The government has long played an active role in the industry. According to Ko, state-supported research organizations—including the Industrial Technology Research Institute (ITRI) in Hsinchu County, northern Taiwan, Precision Machinery Research and Development Center (PMC) in Taichung and Taipei’s Institute for Information Industry—have helped facilitate rapid and regular technological upgrading, a key factor in the continued growth of the sector.
More recently, the R&D focus has turned to advanced robotics and smart automation. Since the mid-2000s, the government has introduced a range of financial assistance schemes to promote the development of cutting-edge robotics technologies. And the Ministry of Economic Affairs (MOEA), for one, has sponsored a host of projects on intelligent automation at ITRI and PMC.
“Innovative technologies developed by these research institutes have helped local companies keep pace with global market trends and identify new product development objectives,” Ko said. “Meanwhile, the excellent quality of locally made machinery has been an important factor in the success of high-tech manufacturing sectors in Taiwan including semiconductors, optoelectronics and green energy.”
The chairman stressed the international competitiveness of Taiwan’s machinery industry is due to the high quality and reliability of its products as well as the diversity of solutions it offers. “The excellent cost-performance ratio of our precision machines is the main reason why they readily attract international buyers and are exported to more than 100 countries,” he said. “Plus, Taiwan manufacturers have the flexibility to facilitate custom or small-volume orders, while their foreign competitors largely focus on the mass production of uniform goods.”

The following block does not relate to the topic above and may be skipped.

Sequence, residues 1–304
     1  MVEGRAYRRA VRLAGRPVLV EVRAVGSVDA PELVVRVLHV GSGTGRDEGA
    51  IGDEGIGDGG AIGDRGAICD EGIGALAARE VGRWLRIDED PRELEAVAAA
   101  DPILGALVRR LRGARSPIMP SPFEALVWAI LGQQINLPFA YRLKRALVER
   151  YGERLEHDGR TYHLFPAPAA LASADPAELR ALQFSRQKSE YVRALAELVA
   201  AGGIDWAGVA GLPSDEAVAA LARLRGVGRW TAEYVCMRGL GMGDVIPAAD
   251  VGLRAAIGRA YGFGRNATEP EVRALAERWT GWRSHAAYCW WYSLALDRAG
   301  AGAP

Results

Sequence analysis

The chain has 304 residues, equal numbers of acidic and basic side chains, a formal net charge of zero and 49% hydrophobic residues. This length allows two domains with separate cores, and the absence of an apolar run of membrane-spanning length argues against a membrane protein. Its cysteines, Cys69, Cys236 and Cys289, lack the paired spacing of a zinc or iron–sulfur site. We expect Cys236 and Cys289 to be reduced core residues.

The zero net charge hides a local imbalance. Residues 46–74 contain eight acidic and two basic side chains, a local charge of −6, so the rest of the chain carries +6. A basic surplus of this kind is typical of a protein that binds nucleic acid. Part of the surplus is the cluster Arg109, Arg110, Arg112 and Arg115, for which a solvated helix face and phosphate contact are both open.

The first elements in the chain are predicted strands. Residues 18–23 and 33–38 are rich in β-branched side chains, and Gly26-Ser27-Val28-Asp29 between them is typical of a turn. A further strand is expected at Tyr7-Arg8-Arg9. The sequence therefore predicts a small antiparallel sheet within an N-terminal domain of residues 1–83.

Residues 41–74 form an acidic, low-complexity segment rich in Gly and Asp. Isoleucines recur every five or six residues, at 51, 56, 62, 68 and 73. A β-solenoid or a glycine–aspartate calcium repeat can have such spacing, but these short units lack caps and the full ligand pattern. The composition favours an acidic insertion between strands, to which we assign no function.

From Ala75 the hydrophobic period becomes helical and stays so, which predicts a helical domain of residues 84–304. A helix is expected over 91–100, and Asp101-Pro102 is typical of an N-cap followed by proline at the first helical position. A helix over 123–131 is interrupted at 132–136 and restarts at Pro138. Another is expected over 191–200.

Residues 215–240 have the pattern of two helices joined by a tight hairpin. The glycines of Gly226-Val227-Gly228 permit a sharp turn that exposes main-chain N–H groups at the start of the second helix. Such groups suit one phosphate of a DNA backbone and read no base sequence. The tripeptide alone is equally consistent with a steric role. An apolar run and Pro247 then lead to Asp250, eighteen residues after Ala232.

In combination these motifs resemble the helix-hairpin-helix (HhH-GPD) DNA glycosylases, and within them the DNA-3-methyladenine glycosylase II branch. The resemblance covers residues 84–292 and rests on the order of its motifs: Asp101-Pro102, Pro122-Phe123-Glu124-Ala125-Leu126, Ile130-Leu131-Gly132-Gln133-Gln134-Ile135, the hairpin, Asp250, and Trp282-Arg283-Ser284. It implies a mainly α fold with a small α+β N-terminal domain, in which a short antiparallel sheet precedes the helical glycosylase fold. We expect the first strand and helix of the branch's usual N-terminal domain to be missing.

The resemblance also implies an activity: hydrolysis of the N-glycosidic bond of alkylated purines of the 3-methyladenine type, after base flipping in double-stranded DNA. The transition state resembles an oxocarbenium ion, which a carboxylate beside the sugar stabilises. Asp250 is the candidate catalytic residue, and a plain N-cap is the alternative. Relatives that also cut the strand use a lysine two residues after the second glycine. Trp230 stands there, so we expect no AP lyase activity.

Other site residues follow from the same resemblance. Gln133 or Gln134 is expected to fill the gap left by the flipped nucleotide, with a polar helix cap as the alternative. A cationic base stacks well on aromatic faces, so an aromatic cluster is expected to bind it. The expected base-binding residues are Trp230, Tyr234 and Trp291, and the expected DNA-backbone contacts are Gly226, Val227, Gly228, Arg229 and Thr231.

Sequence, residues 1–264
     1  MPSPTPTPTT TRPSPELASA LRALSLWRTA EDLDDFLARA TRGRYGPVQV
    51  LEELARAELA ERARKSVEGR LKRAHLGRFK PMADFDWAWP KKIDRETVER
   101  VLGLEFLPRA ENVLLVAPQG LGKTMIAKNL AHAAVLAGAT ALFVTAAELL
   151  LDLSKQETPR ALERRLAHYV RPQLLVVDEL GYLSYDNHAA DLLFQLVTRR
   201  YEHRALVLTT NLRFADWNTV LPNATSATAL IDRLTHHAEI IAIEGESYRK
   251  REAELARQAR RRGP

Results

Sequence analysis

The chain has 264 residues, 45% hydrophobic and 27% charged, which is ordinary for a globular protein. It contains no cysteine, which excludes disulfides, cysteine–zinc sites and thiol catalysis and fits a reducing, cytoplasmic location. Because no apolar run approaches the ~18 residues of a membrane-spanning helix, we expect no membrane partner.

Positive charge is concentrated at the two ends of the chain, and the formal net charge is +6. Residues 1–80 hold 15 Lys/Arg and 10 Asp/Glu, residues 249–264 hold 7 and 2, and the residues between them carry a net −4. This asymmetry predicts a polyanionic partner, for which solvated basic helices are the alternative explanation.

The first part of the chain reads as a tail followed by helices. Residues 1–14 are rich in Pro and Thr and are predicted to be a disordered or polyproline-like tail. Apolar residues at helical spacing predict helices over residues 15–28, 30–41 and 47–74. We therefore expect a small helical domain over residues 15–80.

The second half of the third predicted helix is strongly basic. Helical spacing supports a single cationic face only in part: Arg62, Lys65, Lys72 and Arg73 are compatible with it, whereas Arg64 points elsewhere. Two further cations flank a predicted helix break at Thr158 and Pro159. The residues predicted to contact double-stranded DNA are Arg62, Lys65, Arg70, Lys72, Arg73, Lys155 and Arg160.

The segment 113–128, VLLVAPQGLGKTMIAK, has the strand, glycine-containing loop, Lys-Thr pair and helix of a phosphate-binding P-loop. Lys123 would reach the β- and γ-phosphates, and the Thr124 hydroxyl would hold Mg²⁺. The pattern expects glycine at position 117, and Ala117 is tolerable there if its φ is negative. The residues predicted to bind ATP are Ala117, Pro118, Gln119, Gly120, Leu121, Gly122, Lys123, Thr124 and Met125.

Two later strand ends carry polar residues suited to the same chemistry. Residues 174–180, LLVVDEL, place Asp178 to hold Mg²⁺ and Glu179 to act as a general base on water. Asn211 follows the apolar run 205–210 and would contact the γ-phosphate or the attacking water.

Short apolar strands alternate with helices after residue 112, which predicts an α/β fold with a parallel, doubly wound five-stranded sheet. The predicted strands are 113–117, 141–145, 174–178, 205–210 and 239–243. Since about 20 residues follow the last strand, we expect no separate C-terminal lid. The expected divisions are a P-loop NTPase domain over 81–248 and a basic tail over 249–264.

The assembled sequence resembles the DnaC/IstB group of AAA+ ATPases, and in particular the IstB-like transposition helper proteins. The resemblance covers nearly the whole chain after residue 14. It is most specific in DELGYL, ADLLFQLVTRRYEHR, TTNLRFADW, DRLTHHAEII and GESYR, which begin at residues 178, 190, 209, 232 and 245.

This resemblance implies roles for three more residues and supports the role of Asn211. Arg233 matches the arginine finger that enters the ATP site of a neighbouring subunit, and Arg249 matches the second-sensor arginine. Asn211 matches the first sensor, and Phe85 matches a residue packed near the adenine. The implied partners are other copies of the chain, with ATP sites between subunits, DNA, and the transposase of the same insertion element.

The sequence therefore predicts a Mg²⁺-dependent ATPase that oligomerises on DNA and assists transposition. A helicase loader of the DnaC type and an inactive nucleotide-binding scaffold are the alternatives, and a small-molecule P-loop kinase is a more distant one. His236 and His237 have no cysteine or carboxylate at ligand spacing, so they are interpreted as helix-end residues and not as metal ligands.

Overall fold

To promote Taiwan-made machinery products, TAMI cooperates with the government-supported Taiwan External Trade Development Council to organize three biennial industry exhibitions—the Taipei International Machine Tool Show, Taipei International Plastics and Rubber Industry Show, and Taipei Manufacturing Technology Show. In addition, using subsidies provided by the MOEA’s Bureau of Foreign Trade, the association arranges for local manufacturers to attend about 50 overseas trade shows each year to help them diversify their export markets.
Ko said the industry can help deliver long-term sustainable growth in Taiwan, noting it uses less water and electricity and produces less pollution than many other large-scale manufacturing sectors. However, since roughly 70 percent of Taiwan’s machinery goods are exported, he emphasized the government must work to address unfavorable conditions in international markets.
Taiwan’s machinery products were traditionally about 30 to 40 percent cheaper than those made in Japan, though the sharp depreciation of the yen in the past several years has offset that price advantage. Furthermore, Taiwan has struggled to participate in the burgeoning global network of free trade agreements and as a result local manufacturers now face higher tariffs than their overseas competitors in some markets. The Tsai administration has stated it aims to address the latter issue by expanding bilateral and multilateral economic cooperation as well as seeking participation in negotiations for the Trans-Pacific Partnership (TPP) and Regional Comprehensive Economic Partnership.
“We hope the government can respond to the currency depreciation policies launched by Taiwan’s main rivals, as well as strive to join regional trade pacts like the TPP. These actions are necessary if the nation is to compete on a level playing field,” Ko said.